The Kurdistan Regional Government (KRG) office in the United States has just announced an event that it will host next week in Washington D.C. The purpose of the event will be to thank U.S. veterans involved in military and humanitarian operations in support of the people of Iraqi Kurdistan.
Thanking Veterans for Their Service in Iraq
The event will feature speeches from prominent individuals including Lt. General Michael Barbero, who served in Operation Iraqi Freedom, and who has argued, at length, for providing arms directly to the Kurds. Additional speakers include the KRG Representative to the United States, Bayan Sami Abdul Rahman, and Falah Mustafa Bakir, Head of the KRG Department of Foreign Relations.
The KRG has invited veterans of all military operations in Iraq to join them at the KRG Representation in Washington D.C. on July 30th. The event will also mark the 24th anniversary of the end of Operation Provide Comfort, and the start of Operation Provide Comfort II. It will be an opportunity for the Kurdistan Regional Government to thank all U.S. military personnel for their service in Iraq. If you are an Iraq service veteran in the D.C. area, you may follow the link below to RSVP.
History of U.S. Service in Iraq
Well over 2 million U.S. troops have served in Iraq over the course of the Gulf War, Operations Provide Comfort I & II, and Operations Iraqi Freedom & Enduring Freedom (also known as the Iraq War).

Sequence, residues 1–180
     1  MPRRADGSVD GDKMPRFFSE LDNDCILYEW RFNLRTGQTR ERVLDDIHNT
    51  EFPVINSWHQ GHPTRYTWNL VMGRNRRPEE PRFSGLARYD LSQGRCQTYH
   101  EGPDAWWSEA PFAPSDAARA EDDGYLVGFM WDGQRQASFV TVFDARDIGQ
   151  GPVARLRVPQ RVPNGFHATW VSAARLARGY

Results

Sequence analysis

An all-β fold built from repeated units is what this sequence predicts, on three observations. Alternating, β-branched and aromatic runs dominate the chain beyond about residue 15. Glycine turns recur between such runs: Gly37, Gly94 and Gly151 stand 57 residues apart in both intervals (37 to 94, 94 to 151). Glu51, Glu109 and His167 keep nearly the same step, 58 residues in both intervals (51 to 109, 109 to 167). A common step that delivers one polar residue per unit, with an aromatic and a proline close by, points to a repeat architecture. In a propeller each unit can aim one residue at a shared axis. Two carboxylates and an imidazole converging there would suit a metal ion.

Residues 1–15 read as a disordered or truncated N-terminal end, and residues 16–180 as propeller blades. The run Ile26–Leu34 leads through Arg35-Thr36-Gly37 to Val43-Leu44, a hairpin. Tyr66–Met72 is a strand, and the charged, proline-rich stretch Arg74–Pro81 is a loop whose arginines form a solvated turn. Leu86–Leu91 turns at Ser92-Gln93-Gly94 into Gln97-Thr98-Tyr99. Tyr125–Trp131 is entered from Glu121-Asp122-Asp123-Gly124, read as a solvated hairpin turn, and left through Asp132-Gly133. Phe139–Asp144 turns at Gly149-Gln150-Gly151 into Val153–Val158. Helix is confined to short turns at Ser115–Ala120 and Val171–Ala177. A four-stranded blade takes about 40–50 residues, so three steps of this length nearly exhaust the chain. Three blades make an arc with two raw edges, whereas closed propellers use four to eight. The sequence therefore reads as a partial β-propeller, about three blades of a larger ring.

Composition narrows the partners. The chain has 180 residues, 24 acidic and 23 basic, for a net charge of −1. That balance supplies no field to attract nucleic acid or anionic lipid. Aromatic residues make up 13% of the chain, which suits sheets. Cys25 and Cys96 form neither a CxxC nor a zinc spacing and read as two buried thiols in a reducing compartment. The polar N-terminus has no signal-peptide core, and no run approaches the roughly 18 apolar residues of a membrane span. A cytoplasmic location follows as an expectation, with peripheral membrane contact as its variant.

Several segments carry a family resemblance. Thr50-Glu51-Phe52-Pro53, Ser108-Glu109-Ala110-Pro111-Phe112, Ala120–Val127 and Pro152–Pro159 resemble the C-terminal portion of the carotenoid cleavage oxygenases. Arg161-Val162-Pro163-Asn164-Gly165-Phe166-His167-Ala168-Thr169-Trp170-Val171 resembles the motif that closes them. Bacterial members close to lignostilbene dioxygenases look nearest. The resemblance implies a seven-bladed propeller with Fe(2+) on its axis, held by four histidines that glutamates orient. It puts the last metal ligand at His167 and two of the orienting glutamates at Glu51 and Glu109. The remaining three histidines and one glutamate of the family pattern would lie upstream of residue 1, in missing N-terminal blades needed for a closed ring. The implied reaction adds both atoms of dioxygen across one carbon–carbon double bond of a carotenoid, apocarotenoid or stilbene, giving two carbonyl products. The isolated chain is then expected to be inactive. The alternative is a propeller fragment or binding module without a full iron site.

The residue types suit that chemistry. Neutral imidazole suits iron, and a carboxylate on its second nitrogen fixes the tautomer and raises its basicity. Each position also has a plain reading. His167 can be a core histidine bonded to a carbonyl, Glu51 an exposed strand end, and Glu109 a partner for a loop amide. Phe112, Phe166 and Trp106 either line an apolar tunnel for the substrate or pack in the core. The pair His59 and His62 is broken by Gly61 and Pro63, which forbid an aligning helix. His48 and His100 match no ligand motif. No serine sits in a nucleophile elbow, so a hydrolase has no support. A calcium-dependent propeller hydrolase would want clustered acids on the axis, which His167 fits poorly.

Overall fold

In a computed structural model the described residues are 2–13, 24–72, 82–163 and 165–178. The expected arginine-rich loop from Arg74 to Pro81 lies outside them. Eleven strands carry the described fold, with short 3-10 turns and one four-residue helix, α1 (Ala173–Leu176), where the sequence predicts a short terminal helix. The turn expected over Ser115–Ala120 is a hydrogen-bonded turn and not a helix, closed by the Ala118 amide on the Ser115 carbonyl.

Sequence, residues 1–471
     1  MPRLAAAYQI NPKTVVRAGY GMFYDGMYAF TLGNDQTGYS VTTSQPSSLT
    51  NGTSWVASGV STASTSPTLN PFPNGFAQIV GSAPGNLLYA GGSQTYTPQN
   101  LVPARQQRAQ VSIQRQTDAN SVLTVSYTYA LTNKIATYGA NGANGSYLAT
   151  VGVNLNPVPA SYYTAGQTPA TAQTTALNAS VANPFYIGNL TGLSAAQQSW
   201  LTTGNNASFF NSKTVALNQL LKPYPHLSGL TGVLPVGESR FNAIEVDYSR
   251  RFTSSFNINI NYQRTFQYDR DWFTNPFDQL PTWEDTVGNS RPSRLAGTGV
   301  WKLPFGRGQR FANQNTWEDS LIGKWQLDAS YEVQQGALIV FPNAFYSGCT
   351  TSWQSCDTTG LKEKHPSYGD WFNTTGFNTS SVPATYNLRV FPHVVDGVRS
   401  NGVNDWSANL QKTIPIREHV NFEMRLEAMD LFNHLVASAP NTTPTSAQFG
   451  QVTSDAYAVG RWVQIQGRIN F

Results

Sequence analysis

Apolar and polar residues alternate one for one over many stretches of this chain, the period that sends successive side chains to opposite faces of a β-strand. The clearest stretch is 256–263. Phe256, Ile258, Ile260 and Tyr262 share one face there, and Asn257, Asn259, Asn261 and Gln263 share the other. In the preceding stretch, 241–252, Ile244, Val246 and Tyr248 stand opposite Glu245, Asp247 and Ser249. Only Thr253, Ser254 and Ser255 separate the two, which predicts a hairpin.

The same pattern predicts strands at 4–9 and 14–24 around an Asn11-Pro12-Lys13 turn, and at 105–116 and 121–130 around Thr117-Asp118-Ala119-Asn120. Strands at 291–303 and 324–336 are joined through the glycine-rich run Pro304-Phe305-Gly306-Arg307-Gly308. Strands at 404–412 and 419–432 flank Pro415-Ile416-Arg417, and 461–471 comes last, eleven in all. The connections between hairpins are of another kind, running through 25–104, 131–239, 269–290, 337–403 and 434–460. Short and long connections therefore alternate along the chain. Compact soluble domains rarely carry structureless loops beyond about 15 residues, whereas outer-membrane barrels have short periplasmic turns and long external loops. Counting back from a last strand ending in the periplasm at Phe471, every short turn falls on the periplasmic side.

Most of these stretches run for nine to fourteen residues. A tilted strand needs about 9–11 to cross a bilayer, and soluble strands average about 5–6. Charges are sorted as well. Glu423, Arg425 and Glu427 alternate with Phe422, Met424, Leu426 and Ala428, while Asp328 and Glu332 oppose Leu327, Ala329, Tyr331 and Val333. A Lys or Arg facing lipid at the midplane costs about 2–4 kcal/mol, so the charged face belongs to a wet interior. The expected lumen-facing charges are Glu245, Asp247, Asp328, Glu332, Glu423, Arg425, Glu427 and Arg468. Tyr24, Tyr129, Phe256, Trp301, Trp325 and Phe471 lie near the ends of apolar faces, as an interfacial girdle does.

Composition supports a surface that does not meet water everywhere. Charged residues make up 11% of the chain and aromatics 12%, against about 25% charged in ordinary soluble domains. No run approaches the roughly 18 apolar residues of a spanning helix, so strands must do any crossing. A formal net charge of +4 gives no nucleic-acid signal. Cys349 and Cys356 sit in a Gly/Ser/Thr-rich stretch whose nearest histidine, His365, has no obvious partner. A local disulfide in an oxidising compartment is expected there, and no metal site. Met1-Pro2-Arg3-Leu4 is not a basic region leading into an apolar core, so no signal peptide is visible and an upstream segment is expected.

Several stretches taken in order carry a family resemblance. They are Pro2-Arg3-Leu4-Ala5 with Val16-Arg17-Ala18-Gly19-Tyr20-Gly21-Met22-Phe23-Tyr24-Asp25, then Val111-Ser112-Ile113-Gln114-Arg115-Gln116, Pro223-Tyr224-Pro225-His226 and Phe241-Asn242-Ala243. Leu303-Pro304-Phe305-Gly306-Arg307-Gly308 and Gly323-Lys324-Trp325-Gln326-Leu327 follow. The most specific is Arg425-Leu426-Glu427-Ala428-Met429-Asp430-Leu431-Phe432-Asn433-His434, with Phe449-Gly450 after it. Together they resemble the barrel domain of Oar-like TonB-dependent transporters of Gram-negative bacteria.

Following the end of the Persian Gulf War (Operation Desert Storm) in 1991, Saddam Hussein turned his attention towards suppressing the Kurds in Iraq. In response, the United States, along with coalition partners, initiated Operation Provide Comfort and Operation Provide Comfort II. During these operations, the United States helped protect and defend the Kurds in northern Iraq through the enforcement of a No-Fly Zone, which prevented Saddam from conducting airstrikes on the Kurds above the 36th parallel.
The creation of this safe haven allowed the Kurds to hold independent elections in 1992, which would lead to the creation of the Kurdistan Regional Government (KRG). Years later, during the invasion of Iraq and the Iraq War in 2003, U.S. troops worked with the Kurdish Peshmerga and the KRG to defeat Saddam Hussein’s army in the north.